Pneumonia isn’t just the cold.
You aren’t more likely to catch the virus if you go outside during the winter without a coat.
People 65 years or older aren’t the only ones who can catch pneumonia.
The myths about pneumonia have been debunked, but one fact is important. Pneumonia sends about one million Americans to the hospital and 50,000 deaths every year. Here’s what you do need to know about the deadly virus:
What is pneumonia?
A bacteria gets into the lungs, causing the air sacs to fill with pus and get inflamed. The body then struggles to absorb and exchange oxygen.
It seems simple, but there are many different ways and places to catch pneumonia.
Walking pneumonia is a milder case and may not even need hospitalization. The symptoms allow for a person to stay active and continue throughout their day.
Labar pneumonia is limited just one of the lungs. But, it can still cause debilitating symptoms.
Double pneumonia sounds worse because it is worse. The infections spreads to both lungs and is life threatening if untreated.
Although there many different kinds of pneumonia, the symptoms stay fairly consistent:
- Sweating or clammy skin
- Cough that produces green, yellow or bloody mucus
- Shortness of breath
- Chest pains that are worse during a deep breath
- Lack of energy and appetite
- Mild to high-grade fever
What causes pneumonia?
The different kinds of pneumonia often depend on which bacteria infects a person:
- Streptococcus pneumoniae – The most common culprit for pneumonia. This bacteria is highly contagious. It enters the body through the nose or an open wound. People 65 years or older or two years and younger are at most risk for Streptococcus pneumoniae.
- Mycoplasma pneumonia – This is most often the cause of walking or atypical pneumonia. MP is commonly spread in crowded areas like schools and nursing homes. Spread through the transfer of fluids, the moisture from a sneeze or cough is often spreads the infection.
- Haemophilus influenzae – Responsible for more than pneumonia, this bacteria causes bacteremia and meningitis. Haemophilus influenzae lives in the nose and throat but can even stay dormant in the body for years. Unimmunized children younger than four are most at risk for this virus.
- Klebsiella pneumoniae – K. pneumoniae lives in the intestines. It is usually only dangerous when spreading to another organ. This bacteria is not airborne and is only contagious through personal contact, sometimes via contaminated medical equipment. People with weakened immune systems are more likely to catch K. pneumoniae.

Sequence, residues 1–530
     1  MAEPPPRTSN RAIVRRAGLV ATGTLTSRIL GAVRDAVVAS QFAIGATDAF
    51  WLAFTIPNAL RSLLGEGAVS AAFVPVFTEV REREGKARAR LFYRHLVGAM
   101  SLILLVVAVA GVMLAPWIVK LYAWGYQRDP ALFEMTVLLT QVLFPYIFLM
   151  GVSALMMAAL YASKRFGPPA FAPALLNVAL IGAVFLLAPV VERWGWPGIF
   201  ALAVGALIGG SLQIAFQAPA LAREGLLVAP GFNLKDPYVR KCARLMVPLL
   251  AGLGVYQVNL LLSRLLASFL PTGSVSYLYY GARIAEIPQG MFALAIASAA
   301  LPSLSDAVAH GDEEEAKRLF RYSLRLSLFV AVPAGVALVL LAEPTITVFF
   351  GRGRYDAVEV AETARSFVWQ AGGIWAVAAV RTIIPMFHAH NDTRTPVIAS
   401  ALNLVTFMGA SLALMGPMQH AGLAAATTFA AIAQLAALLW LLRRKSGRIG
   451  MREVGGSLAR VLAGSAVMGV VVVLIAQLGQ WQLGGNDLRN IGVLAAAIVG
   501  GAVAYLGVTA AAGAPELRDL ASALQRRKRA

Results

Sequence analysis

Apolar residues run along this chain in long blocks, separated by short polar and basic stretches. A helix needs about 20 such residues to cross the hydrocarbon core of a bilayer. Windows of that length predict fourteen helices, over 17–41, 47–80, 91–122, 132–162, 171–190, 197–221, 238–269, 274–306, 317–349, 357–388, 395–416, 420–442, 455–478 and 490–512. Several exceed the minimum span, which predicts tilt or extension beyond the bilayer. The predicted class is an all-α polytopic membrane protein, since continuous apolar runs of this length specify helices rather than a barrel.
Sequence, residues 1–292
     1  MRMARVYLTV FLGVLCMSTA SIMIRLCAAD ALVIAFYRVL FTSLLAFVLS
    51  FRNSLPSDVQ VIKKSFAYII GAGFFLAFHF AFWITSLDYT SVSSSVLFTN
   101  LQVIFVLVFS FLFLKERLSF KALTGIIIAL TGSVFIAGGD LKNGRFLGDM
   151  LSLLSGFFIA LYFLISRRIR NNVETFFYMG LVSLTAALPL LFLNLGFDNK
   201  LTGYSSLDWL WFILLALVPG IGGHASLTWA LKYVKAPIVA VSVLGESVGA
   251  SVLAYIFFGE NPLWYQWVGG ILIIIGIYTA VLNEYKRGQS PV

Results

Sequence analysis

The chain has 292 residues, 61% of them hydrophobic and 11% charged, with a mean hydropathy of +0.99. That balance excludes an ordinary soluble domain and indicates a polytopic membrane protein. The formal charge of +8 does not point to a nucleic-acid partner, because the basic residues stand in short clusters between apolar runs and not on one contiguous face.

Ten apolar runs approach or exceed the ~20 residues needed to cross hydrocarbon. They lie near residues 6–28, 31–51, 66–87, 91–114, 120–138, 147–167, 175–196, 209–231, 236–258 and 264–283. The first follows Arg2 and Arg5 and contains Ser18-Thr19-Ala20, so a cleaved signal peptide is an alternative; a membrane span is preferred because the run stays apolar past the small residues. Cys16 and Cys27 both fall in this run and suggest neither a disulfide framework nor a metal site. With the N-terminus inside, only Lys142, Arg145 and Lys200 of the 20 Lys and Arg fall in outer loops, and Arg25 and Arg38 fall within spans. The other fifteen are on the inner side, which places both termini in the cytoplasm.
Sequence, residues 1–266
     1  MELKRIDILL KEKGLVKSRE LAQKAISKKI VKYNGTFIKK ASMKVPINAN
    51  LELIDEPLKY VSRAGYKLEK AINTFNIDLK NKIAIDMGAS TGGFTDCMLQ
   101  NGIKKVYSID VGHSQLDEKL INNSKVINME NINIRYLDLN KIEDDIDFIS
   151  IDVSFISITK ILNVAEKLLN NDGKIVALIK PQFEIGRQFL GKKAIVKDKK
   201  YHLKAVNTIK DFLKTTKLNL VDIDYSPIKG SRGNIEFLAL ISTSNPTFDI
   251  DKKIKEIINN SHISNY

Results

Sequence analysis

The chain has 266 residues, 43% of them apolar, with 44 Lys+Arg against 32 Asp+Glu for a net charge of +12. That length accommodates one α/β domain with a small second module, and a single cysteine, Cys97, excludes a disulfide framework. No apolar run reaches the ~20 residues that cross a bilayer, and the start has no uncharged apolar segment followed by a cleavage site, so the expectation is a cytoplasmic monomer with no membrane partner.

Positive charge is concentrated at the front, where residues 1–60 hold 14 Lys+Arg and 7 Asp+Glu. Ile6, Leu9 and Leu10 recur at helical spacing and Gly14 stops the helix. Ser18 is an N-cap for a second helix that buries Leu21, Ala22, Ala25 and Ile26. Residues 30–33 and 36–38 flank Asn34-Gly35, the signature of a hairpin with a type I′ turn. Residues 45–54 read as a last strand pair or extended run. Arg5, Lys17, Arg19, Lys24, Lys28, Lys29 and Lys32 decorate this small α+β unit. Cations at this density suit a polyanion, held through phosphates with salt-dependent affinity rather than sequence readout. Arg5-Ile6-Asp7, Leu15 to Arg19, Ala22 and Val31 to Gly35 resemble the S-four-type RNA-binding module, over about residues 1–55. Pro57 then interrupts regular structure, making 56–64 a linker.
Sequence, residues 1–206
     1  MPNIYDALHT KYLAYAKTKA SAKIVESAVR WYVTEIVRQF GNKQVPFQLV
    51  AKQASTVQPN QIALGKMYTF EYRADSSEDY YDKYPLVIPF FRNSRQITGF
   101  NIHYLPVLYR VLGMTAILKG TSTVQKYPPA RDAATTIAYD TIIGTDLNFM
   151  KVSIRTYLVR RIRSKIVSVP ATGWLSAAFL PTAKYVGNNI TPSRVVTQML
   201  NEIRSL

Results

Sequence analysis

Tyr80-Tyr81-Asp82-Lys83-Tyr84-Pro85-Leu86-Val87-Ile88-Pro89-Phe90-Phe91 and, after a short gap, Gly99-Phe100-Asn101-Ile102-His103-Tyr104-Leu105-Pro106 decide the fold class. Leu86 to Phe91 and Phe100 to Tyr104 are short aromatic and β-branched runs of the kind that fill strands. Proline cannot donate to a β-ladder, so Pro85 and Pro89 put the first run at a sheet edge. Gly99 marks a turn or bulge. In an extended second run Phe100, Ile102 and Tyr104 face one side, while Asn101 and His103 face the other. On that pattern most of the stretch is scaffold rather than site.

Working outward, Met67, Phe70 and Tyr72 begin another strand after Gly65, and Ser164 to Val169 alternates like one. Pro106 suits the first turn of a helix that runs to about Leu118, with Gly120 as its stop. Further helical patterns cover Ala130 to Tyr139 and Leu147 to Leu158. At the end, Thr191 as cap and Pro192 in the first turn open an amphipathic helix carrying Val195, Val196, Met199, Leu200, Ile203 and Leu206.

- Staphylococcus aureus – Otherwise known as MRSA. It is often contracted as a bacterial infection in a hospital. MRSA is resistant to methicillin and many of the antibiotics that fight pneumonia. Hospital-acquired pneumonia (HAP) is considered more severe and lethal.
- Pseudomonas aeruginosa – This is the most common HAP. Like all other strains of pneumonia from the hospital, this virus is dangerous for its resistance to many different antibiotics.
How is pneumonia treated?
Patients that are not hospitalized for pneumonia will often receive oral antibiotics. Because Community-Acquired pneumonia (CAP) is often less severe, milder antibiotics are used to combat the virus. Amoxicillin and other penicillin-based drugs are most common.
When hospitalized, treatment for pneumonia depends on which bacteria caused the infection.
To treat CAP, doctors will initially administer an IV with a common antibiotic like cefotaxime. An oral antibiotic is then prescribed after the symptoms become less severe.
Hospital-acquired pneumonia is more difficult to treat.
Because an HAP is resistant to many antibiotics that get rid of the virus, a doctor has to find the right medicine. A doctor has to use a somewhat wait-and-see approach to find an antibiotic that works.
It may seem counterintuitive for a lung disease, but cough medicine is often not used to treat pneumonia. Coughing is one of the best ways to get rid of infected mucus that lies in your lungs.
How to prevent pneumonia?
Two different vaccines can prevent pneumonia.
The PCV13 vaccine is recommended for infants, adults over 65 and adults over 19-years-old with weakened immune systems. The vaccine PPSV23 should be used for children older than 2, adults older than 65 and adults who smoke or have asthma.
These provide protection against not just pneumonia, but also meningitis and bloodstream infections.
Vaccination is key to staying safe from pneumonia. But, there are many other precautions to avoid the virus.
Stay away from those with the cold, flu or any other kind of infection. If you are heading to the hospital, wash your hands frequently.
Tobacco prevents your lungs from fighting infection. This leaves smokers some of the most likely to catch pneumonia. Cut down on smoking or quit altogether to greatly reduce your risk of pneumonia.
Are you up to date on your pneumonia vaccines? If not, call Passport Health at or schedule an appointment online.